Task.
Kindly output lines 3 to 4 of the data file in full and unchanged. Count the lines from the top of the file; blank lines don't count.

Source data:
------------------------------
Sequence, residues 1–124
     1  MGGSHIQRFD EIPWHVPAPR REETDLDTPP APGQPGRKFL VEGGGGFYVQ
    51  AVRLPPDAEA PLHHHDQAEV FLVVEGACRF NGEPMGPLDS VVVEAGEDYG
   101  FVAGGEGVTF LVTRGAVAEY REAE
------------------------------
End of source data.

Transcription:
    51  AVRLPPDAEA PLHHHDQAEV FLVVEGACRF NGEPMGPLDS VVVEAGEDYG
   101  FVAGGEGVTF LVTRGAVAEY REAE